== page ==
We did an adjustable open shelf in the middle and topped it with a crown. Once painted, it became a nice place for display of some favorite kitchen ceramics or especially cake plates w/domes.
Tuck your garbage can into the cabinet for a tidier look to your kitchen.
So, maybe you aren’t remodeling your kitchen anytime soon but are dying to get that trash can stashed away. You also don’t want to have a tiny, short trash can in the kitchen, but need a full height kitchen garbage can to handle your needs.
Most tall trash cans will fit underneath a standard 36” countertop even in a drawer situation. If you have a 20” or wider cabinet with a door below and drawer above, you can remove the panels from those, cut the stile on the face frame that divides them, attach that piece and the door panels to a backer board and build the drawer with the tall paneled front.
The trash drawer is basically a platform with short box around the base so that the trash can fits in. Use a heavy duty, full extension glide so that you can have complete access to the trash can.
Of course, you can buy one of these great drawers from Rev-A-Shelf, and install it into your existing cabinet in the way described above. This one debuted at KBIS2017, all stainless with heavy duty glides.
Start with an inventory.
Oftentimes, especially when we are working with homeowners’ existing furnishings, we start with an inventory. We go through the house and photograph and measure each piece of furniture or furnishings that they know they will reuse in the redone space. This helps us place them in the new floor plans or really, serves to help homeowners decide what they will keep and what they will get rid of.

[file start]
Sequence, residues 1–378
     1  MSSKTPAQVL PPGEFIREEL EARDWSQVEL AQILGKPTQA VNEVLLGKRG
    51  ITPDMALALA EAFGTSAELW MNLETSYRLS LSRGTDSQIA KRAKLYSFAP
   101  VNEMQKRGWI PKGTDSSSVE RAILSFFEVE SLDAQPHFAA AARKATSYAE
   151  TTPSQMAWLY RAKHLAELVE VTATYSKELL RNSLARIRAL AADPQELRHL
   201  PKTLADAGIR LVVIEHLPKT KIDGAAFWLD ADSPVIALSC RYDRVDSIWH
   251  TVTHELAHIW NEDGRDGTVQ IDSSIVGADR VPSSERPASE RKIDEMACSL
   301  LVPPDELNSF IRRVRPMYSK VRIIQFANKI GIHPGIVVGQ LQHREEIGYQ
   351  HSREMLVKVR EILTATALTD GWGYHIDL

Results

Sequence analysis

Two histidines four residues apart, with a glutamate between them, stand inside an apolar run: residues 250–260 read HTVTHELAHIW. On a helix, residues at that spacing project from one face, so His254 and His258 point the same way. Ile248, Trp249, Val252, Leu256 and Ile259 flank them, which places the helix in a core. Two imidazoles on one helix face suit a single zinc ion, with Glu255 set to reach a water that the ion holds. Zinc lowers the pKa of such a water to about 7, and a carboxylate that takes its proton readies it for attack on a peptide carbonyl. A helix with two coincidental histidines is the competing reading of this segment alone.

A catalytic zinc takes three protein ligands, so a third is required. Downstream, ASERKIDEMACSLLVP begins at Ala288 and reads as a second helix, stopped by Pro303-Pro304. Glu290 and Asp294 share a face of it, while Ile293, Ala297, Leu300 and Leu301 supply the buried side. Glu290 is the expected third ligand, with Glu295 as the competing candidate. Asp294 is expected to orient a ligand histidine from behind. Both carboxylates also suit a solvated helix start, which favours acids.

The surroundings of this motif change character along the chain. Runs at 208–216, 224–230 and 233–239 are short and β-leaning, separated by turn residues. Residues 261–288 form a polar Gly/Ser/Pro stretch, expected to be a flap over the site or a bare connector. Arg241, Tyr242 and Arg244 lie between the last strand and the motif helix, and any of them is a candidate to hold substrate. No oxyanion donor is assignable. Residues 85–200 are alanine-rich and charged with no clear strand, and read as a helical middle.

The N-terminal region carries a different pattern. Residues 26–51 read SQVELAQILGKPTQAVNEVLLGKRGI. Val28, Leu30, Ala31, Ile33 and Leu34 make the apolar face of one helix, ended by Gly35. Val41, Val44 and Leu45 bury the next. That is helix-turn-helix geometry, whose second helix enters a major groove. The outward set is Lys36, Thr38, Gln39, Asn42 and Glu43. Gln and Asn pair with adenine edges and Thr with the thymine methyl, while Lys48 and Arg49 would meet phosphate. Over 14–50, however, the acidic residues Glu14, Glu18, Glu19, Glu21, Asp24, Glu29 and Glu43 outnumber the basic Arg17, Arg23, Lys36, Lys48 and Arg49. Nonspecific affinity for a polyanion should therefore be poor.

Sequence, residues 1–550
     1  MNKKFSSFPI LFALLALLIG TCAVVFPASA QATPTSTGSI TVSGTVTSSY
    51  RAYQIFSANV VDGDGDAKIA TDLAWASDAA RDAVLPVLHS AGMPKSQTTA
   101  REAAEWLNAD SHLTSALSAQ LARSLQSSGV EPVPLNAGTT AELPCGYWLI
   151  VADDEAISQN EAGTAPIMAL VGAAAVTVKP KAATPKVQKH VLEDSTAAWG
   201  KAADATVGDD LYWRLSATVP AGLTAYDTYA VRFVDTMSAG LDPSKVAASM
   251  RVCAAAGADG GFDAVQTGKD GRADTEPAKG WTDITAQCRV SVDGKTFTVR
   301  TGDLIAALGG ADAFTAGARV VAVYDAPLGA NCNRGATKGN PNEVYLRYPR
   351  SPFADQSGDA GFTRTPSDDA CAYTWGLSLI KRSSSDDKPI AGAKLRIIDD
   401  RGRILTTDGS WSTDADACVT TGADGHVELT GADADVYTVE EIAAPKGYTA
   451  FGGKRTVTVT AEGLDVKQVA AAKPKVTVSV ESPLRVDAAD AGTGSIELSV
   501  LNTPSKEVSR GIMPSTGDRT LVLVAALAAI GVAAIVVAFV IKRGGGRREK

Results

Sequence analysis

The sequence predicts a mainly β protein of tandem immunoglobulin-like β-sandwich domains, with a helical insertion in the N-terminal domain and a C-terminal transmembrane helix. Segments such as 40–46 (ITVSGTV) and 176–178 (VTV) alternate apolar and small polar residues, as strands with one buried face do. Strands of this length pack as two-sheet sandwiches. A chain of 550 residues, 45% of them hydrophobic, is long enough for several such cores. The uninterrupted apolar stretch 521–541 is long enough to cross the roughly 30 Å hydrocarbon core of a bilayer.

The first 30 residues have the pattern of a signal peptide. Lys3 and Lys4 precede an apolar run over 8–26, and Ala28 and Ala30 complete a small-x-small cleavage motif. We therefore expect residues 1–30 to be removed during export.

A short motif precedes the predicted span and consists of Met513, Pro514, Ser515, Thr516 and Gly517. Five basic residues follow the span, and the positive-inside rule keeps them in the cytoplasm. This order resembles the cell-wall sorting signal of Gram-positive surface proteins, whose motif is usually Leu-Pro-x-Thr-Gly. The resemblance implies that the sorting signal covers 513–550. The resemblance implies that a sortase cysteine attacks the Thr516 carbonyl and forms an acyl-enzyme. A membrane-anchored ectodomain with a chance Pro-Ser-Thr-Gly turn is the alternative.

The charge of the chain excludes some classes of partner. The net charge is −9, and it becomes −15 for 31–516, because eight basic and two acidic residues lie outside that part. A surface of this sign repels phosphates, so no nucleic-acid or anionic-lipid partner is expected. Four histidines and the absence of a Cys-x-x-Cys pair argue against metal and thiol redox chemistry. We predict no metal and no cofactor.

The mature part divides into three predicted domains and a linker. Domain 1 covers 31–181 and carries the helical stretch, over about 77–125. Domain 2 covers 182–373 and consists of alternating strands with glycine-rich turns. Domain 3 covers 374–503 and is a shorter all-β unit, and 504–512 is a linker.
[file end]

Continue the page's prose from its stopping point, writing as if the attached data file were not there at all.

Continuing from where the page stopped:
The great thing about doing an inventory, is that you don't have to make judgements about what to keep and what to get rid of at that time. You're just building a list, it's really rather non-threatening for people who aren't ready to make decisions about their stuff. It also helps to see it all on a spreadsheet and becomes much easier to have it all catalogued with dimensions, etc. There’s something about seeing an item in a document that seems to help a homeowner make a decision about keeping vs. letting go.
This might be a little tedious for a kitchen, but I've done an inventory before for a heavily detailed kitchen project. It works much the same way that a furniture inventory does, by making it easy to evaluate what to keep and what to get rid of.
Want to check out our discussion? Amanda had lots of practical tips and some Feng Shui insight as well. You can have a listen here. We’ve got another one coming up in February where we are talking all about color and particularly, the color, red, in interiors. Here’s how to sign up.
I have some cool storage products from Rev-A-Shelf linked for you below. These can really help organize your cabinets and gain more accessibility for hard-to-reach spaces.